My background in experimental astrophysics has taught me that the best approach to making a major breakthrough is to develop new instruments and invent new technologies that open up possibilities for research. As a Research Scientist at the University of Washington, I have taken that philosophy to the field of radio astronomy, where I have led the development of a new end-to-end imaging algorithm for radio telescopes called Fast Holographic Deconvolution (FHD). With FHD, we have designed an imaging and deconvolution pipeline to detect the first stars and galaxies to ever form in the universe through the power spectrum of the faint diffuse radio background, but it has also opened up exciting new research opportunities to study the nearby universe, from the diffuse structure of the Milky Way to nebulae and surveys of radio galaxies.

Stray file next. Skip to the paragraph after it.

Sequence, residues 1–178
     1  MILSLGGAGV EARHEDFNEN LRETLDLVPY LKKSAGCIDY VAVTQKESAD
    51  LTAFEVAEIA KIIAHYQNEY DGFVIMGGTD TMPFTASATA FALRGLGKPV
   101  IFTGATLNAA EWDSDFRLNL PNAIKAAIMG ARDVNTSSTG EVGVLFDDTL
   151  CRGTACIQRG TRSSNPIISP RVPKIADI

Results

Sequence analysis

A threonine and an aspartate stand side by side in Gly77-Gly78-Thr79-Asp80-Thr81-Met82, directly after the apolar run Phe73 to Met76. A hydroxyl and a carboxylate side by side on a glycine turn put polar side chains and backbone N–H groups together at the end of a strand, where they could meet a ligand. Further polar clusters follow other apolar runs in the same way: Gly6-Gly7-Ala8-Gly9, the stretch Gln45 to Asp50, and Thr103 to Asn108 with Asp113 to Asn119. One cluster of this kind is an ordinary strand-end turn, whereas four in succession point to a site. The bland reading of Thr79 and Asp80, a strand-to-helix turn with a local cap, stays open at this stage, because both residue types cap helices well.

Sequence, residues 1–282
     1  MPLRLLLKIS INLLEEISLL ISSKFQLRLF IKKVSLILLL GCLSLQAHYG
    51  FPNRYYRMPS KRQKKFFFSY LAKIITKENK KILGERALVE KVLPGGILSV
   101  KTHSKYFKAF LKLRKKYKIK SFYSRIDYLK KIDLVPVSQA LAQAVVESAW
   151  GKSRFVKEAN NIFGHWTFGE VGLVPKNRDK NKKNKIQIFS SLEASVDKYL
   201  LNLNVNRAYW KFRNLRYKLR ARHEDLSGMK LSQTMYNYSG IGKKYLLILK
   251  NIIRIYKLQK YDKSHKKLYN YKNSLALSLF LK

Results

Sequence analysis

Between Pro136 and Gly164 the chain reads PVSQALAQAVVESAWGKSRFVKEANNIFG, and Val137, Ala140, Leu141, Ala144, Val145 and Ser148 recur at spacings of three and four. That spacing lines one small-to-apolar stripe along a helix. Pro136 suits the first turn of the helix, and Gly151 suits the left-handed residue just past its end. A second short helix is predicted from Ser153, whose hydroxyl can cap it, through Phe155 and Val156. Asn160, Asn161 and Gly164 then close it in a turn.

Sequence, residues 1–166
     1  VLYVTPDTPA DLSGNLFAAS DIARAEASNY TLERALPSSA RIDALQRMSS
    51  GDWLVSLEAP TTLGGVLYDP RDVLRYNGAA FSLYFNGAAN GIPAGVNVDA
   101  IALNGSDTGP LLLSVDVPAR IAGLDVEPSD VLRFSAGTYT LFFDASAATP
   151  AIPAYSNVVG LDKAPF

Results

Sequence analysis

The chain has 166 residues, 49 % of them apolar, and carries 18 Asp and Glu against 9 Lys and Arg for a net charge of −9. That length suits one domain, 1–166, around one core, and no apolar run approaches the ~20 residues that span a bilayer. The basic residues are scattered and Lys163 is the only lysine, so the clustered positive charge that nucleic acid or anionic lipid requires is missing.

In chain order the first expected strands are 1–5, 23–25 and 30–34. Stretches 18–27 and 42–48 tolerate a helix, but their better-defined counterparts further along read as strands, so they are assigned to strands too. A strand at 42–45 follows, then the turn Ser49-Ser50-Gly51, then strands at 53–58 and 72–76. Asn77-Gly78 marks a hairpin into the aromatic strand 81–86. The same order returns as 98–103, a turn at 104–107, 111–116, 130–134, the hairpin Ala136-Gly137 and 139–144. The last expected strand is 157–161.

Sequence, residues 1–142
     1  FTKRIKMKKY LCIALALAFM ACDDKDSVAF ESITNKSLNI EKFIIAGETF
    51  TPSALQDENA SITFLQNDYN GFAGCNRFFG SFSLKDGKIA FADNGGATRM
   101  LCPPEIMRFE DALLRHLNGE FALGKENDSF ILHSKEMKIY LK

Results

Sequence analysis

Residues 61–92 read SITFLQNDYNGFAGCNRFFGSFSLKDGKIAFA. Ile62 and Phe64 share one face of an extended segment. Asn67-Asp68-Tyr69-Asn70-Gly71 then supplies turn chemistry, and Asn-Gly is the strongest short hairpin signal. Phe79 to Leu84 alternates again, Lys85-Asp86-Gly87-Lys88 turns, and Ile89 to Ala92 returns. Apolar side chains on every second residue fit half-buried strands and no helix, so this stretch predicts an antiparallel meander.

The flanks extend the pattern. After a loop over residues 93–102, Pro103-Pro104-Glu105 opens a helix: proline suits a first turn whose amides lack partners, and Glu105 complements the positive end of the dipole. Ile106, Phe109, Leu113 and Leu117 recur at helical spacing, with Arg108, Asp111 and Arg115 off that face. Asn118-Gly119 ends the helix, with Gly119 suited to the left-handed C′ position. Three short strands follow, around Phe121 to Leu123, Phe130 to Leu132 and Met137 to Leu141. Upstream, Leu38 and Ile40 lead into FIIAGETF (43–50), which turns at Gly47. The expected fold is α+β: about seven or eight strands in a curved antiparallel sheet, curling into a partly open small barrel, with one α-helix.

As a PhD student at Caltech, I approached the problem of detecting the earliest stars from a different angle. While the detectable signal at radio wavelengths is emission from neutral Hydrogen outside the pockets where the first stars formed, the ultraviolet-peaked radiation from those first stars will have been redshifted to the near-infrared today and should be detectable in the power spectrum of the infrared background. To this aim, we designed and built the Cosmic Infrared Background Experiment (CIBER), a suite of two wide-field infrared cameras and two spectrometers on board a NASA sounding rocket. As the senior graduate student, I was actively involved in every aspect of the project, from initial design and fabrication, through calibration and preparation for flight, to writing the full pipeline for analysis of flight data from the imagers. During that time, I worked with deep survey data from the Hubble and Spitzer space telescopes to refine the analysis techniques, and published results that challenged the reported detection of a signal from the first stars in the infrared background from those data.